Rasier is the TNC subsidiary used in the US to manage the ridesharing contacts between Uber and the drivers, effectively separating the driver contract from Uber, since it was signed by the driver and Rasier.
Unicorn is the subsidiary used by Uber to buy out OttoMotto, the company now involved in the Waymo case, where Waymo claims that Uber stole secrets from Waymo when they bought out OttoMotto, company set up by a previous Waymo executive that is claimed to have stolen over 14,000 documents from the company before leaving to set up his own autonomous car startup.
Another subsidiary that Uber instated to deal with is "Apparate International CV," a Dutch Company was set up to check OttoMotto's business practices and fund its operations before merging with it.
It seems that Apparate International CV's executive is the same as those involved in Uber's Advanced Technology Group and included Justin Ho, Jeff Holden, and Lior Ron. Where Lior Ron is one of the key witnesses named in the Waymo lawsuit. What is fascinating is that Apparate is controlled by Neben LLC, a Delaware company and was part of a group of Delaware companies used to orchestrate the OttoMotto merger, including the Zing merger Sub I LLC that no longer exists.
UberAcht or Uber 8, is an NYC based subsidiary set up to deal specifically with Uber ridesharing in NYC, since they have different requirements to all other cities in the US and has 29 subsidiaries in NY, starting with UberAcht and climbing up to Einundzwanzig LLC which stands for 21 in German.
According to Associate Professor of Management at Columbia Business School Evan Rawley, Uber has to set up subsidiaries to manage local market ordinances. Since each location comes with different sets of rules and regulations that require location-specific management.
This was confirmed by Uber, stating they operate in over 600 cities around the world and each location demands a local specific or hyper local presence.
While some of these subsidiaries are obvious, such as Rasier, others are less so, such as Unicorn. This company only appears in the Waymo case in a draft document that was created for the OttoMotto merge deal. The proposed acquisition states that the project name is Zing and there would be three associated parties involved, OttoMotto, Uber, and Unicorn. Unicorn's role in the merger would be to pay for due diligence reporting before the purchase. Due diligence is a standard procedure in all large purchase contracts.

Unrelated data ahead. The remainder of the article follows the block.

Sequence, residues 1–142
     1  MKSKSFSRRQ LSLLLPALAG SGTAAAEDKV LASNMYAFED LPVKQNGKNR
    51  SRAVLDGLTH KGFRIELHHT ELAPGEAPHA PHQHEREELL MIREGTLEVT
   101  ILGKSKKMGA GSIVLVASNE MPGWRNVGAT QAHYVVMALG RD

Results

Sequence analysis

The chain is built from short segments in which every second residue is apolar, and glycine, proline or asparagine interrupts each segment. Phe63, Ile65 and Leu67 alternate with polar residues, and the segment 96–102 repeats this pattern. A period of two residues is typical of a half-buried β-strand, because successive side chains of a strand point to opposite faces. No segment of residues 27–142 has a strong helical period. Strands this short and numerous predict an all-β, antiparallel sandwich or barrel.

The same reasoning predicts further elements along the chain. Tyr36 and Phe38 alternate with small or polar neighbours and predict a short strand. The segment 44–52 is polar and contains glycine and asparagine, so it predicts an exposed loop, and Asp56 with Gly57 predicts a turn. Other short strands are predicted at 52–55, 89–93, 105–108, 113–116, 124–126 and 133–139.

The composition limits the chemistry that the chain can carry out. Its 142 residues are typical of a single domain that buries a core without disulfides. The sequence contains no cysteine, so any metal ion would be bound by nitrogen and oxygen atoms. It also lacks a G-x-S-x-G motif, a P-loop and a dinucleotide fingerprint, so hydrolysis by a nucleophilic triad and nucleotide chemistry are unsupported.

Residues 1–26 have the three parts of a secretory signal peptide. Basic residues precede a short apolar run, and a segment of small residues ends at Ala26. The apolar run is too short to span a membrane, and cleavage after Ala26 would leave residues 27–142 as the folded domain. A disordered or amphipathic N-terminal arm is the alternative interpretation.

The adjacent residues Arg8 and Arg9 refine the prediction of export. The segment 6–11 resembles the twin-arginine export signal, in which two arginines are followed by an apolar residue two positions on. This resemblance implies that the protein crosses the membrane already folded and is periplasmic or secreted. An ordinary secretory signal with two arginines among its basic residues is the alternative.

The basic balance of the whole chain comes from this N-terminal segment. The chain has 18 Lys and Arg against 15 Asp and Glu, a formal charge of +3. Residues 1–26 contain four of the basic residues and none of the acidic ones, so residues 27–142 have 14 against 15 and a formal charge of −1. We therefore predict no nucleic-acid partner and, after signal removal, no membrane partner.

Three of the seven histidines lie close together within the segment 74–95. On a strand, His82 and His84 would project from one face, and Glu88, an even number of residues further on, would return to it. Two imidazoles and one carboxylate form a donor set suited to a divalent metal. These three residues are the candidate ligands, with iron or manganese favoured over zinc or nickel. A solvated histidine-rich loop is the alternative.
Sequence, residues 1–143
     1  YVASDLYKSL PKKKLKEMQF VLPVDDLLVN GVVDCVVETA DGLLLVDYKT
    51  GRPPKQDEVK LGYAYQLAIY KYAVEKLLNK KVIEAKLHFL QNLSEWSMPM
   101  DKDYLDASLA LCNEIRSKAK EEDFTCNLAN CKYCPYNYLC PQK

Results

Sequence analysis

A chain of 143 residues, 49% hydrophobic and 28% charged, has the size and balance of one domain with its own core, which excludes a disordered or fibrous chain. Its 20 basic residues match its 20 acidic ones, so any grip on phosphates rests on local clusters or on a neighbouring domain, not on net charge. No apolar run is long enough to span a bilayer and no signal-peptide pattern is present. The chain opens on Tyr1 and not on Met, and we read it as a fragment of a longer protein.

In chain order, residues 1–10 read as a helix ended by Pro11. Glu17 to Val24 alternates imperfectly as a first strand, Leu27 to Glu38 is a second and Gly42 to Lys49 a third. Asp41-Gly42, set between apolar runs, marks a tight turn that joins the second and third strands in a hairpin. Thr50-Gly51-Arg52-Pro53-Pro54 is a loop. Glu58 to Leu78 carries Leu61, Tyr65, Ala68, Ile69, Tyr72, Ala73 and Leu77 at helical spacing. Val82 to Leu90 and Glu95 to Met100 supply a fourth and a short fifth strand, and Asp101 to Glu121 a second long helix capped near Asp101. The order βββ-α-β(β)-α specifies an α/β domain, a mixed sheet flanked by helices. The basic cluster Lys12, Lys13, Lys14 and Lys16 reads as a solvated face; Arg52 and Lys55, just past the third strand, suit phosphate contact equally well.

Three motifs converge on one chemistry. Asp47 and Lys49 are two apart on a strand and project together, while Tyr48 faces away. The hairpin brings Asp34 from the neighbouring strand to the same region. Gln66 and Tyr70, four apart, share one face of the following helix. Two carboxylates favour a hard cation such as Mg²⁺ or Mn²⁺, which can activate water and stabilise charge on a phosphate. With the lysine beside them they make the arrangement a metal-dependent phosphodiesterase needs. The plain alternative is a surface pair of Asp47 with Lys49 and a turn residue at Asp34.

One lawyer stated that it is customary for companies to incorporate subsidiaries for single purpose actions once the purpose has been met the subsidiary is closed. In the OttoMotto contract, what would end up would be Uber on top with OttoMotto at the bottom and Unicorn in the middle acting as an intermediary holding company. Which is similar to how Uber holds Rasier that contracts drivers.
Coming back to Apparate International CV, it seems that this company is a little bit more mysterious that Rasier LLC. It is a Bermuda registered Dutch partnership. Bermuda is an international a tax haven, and the company was used to create ownership of patents from both OttoMotto and Uber International CV, another Uber company.
Confused? Don't be; it's really quite simple:
- Uber sets up Rasier LLC to act as an intermediate subsidiary that manages all driver contracts.
- Uber sets up Unicorn to act as an intermediary to help buy out OttoMotto LLC
- Uber sets up an international consortium of Apparate International CV and Uber International CV, Dutch-based companies set up in Bermuda, where they buy Autonomous Vehicle patents. Any profits generated by these companies will be tax-free.
- Uber sets up 29 subsidiaries in NYC to manage different aspects of its rideshare issues specific to NYC regulations.
- Uber sets up many subsidiaries for focused one-off deals and subsequently closes them when the deal has been concluded.
So, if you thought to be a billionaire was about owning shares in Uber, think again, it's about being extremely clever and understanding how tax law, legal ramifications, and ownership, as well as liability, are all balanced in a way to maximize income and reduce personal risk.